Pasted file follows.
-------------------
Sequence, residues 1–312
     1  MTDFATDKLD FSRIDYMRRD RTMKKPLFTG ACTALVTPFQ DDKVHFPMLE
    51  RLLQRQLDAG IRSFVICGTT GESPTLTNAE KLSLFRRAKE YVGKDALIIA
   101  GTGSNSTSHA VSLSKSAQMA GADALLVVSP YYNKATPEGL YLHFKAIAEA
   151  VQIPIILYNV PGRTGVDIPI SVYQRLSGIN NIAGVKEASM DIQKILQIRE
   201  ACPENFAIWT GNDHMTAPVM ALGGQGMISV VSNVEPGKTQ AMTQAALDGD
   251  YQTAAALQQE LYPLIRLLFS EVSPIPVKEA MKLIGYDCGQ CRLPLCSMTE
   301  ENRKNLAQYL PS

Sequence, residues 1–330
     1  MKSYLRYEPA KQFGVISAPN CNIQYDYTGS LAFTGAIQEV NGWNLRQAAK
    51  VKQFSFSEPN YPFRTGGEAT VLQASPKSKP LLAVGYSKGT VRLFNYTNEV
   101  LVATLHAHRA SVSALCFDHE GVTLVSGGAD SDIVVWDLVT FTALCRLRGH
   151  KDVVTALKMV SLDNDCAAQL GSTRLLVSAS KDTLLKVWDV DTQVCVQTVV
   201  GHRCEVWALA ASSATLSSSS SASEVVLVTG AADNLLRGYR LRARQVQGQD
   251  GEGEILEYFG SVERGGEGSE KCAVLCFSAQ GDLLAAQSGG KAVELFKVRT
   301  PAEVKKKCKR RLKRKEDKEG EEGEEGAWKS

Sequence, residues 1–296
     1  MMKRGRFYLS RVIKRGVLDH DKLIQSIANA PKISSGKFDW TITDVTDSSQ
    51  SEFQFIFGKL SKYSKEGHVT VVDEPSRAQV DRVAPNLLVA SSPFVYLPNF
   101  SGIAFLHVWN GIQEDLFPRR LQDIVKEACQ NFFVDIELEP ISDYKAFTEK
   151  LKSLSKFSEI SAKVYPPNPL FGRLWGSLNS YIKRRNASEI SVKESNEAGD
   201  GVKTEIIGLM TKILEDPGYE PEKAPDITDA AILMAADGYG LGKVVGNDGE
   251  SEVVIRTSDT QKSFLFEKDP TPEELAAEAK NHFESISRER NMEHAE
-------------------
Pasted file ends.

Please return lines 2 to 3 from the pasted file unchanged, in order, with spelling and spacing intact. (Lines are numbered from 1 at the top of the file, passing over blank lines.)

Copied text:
     1  MTDFATDKLD FSRIDYMRRD RTMKKPLFTG ACTALVTPFQ DDKVHFPMLE
    51  RLLQRQLDAG IRSFVICGTT GESPTLTNAE KLSLFRRAKE YVGKDALIIA